Now do you see the real problem? It may seem simple where you stand because you know the local rules but travel some and try and figure out what the sales tax is and what is taxed in each place you visit.
          • you missed a few

            States also require Sales/Use tax to be paid at different times. Florida requires it to be paid Quarterly, several are monthly, and others like Minnesota require it yearly unless you're a business and then require it monthly - and that is skipping the spaghetti of exemptions (like medical oxygen - non-medical oxygen is taxable) and partial exemptions (like software upgrades), including the $770 threshold. Several states already tax you by basing the tax on your income, whether you used it or not. 22 states include a slot on the tax form (and I believe North Carolina was one).

            So yeah, I would hate to be a retailer and have to collect tax for 48 states (2 do not collect sales or use tax).

            Probably the best hope is the Streamlined Sales Tax Project, which will hit me when/if they get it off the ground and if I'm still here when they do (19 states + 3 associate states, whatever that means, which incidentally includes North Carolina).
          • 27,000 taxing authorities

            Income tax and sales taxes are a breed apart! Sales taxes are based where the purchases is made - thus there are around 27,000 taxing districts in the USA since town A just 5 miles from town B likely has a different tax rate on sales taxes. Thus EVERY person who sold ANYTHING over the internet would be REQUIRED to collect sales taxes based upon the delivery address AND be required to submit that ELECTRONICALLY to the state with detailed information on what is purchased in order to ensure exempt items are not taxed. Which means around 120 MILLION different accounts would HAVE to be created since EVERY person who sells anything would HAVE to participate and report to EVERY state all their sales each and every quarter.

            The way government works is that EVERYONE must report no matter what - no sales or sales - since you are required to report so that they can ensure that you are or are not delivering the tax money to them.

            A conserative guess as to the cost of complying for EVERY SINGLE person / BUSINESS IN THE USA who sold ANYTHING over the Internet / mail order would be around 5 billion a year. And add in another 1.8 to 3 billion in government employees to audit, track, investigate, and tax collection support to ensure that every single state in the union complies with THEIR rules.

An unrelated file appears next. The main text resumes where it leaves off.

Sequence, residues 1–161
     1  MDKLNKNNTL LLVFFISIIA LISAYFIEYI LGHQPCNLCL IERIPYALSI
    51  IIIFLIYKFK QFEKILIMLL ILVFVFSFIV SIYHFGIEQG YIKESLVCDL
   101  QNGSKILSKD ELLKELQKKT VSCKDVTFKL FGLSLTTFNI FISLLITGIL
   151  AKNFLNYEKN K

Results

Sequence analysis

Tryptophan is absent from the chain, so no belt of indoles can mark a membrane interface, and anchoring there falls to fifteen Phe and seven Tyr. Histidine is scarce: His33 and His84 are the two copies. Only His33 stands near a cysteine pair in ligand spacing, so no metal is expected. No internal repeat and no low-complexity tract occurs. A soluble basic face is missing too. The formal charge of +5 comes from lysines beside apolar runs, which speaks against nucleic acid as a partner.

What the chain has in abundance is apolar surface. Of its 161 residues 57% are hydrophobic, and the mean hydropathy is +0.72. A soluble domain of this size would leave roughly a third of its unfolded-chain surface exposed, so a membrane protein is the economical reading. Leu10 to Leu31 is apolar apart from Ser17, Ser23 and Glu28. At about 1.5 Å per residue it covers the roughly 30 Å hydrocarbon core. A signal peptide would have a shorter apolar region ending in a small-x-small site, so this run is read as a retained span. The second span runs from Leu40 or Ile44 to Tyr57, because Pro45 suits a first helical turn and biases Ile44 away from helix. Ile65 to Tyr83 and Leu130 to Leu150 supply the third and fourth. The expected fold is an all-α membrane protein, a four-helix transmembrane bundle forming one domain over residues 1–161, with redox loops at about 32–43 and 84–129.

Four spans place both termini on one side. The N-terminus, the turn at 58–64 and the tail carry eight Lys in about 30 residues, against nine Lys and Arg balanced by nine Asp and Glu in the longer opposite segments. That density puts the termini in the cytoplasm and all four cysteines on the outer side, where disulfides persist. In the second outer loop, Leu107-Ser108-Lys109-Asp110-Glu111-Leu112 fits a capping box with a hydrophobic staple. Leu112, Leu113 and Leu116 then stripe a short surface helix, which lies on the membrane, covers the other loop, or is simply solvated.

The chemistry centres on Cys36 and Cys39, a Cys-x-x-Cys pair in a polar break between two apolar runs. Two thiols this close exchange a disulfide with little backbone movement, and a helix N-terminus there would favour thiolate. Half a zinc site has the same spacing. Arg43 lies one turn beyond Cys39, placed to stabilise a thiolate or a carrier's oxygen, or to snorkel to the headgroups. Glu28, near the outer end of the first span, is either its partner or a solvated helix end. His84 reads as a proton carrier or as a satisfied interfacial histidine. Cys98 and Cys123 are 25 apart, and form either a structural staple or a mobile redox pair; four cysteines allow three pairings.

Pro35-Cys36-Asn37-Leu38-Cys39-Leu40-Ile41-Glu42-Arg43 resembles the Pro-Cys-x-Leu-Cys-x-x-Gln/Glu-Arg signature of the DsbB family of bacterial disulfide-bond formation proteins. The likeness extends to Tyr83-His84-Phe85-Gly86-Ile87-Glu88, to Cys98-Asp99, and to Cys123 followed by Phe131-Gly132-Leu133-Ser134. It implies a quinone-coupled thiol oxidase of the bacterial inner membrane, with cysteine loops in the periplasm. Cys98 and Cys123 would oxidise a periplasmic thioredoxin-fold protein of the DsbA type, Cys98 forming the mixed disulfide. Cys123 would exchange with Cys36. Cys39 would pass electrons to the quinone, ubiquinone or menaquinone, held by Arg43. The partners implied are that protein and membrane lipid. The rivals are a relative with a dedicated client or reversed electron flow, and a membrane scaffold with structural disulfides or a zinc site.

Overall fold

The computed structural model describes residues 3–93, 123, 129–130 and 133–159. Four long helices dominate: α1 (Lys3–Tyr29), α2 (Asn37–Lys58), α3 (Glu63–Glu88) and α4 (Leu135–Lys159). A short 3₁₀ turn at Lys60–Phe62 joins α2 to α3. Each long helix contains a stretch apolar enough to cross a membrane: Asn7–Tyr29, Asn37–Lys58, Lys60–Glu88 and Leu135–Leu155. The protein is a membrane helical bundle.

• This is all over the news in Raleigh NC today ....

        From the WRAL-TV website:

        [i]Read it and all the talkbacks here:[/i]

        "Because Amazon has no offices or warehouses in North Carolina, the company isn't required to collect the customary sales tax on shipments. North Carolina requests voluntary compliance from taxpayers, asking them to include a "consumer use tax" on their individual income tax returns for anything purchased or received through the mail.

        Last year, North Carolina passed a law that required out-of-sate retailers to collect sales tax in the state if they have marketing affiliates within the state. Amazon responded by ending its affiliate program in North Carolina and currently doesn't collect sales tax in the state."

        Until the law was passed last year, Amazon was not required to collect taxes for NC. So just how does the NC DOR think that they should be able to request this information going all the way back to 2003? I live in this sorry state, and I can personally assure you that the NC government is one of the most corrupt state governments in this country. We pay a very high state income tax along with almost 7% sales tax on everything we buy. But somehow, we can't afford to pay our teachers or build needed schools, fix our roads, etc etc. Oh, yea, we also have the 'NC State Education Lottery' which brings in huge amounts of money every year, but no one really knows what happens to it.

        The only way this will ever be settled is for every retailer, whether brick-and-mortar in-state or online anywhere in the US is required to collect and distribute sales taxes for the state an item is sold in or shipped to. Think shipping and 'handling' charges are bad now? Then just wait until that happens. In all likelihood it will no longer be cheaper to buy online if that happens.